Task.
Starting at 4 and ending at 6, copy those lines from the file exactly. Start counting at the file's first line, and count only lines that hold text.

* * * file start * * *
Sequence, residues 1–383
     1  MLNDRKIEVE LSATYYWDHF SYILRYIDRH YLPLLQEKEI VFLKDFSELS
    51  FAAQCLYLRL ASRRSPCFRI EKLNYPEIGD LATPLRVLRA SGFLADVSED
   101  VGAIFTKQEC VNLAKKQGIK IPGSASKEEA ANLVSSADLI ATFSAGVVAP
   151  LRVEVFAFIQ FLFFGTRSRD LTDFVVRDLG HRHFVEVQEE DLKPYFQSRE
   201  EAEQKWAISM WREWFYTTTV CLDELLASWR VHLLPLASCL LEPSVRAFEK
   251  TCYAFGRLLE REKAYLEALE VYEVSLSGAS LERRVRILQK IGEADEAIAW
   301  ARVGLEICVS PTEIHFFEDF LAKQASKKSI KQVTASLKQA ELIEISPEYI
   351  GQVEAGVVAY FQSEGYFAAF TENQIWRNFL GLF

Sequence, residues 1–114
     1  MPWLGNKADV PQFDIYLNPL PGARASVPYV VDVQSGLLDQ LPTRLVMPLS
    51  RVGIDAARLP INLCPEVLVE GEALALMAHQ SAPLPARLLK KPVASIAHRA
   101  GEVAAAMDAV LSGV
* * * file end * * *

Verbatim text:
   101  VGAIFTKQEC VNLAKKQGIK IPGSASKEEA ANLVSSADLI ATFSAGVVAP
   151  LRVEVFAFIQ FLFFGTRSRD LTDFVVRDLG HRHFVEVQEE DLKPYFQSRE
   201  EAEQKWAISM WREWFYTTTV CLDELLASWR VHLLPLASCL LEPSVRAFEK